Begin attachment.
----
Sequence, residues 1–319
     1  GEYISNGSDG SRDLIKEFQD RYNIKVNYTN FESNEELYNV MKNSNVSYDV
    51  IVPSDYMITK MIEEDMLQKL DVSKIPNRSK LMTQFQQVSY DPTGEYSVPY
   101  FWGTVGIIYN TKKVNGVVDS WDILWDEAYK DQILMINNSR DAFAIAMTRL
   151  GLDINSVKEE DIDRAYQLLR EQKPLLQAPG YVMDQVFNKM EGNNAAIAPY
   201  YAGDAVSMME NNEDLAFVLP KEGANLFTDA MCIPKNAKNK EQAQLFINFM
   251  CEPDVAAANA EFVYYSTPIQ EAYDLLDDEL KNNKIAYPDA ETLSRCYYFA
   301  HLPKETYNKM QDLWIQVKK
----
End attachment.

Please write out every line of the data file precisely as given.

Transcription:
Sequence, residues 1–319
     1  GEYISNGSDG SRDLIKEFQD RYNIKVNYTN FESNEELYNV MKNSNVSYDV
    51  IVPSDYMITK MIEEDMLQKL DVSKIPNRSK LMTQFQQVSY DPTGEYSVPY
   101  FWGTVGIIYN TKKVNGVVDS WDILWDEAYK DQILMINNSR DAFAIAMTRL
   151  GLDINSVKEE DIDRAYQLLR EQKPLLQAPG YVMDQVFNKM EGNNAAIAPY
   201  YAGDAVSMME NNEDLAFVLP KEGANLFTDA MCIPKNAKNK EQAQLFINFM
   251  CEPDVAAANA EFVYYSTPIQ EAYDLLDDEL KNNKIAYPDA ETLSRCYYFA
   301  HLPKETYNKM QDLWIQVKK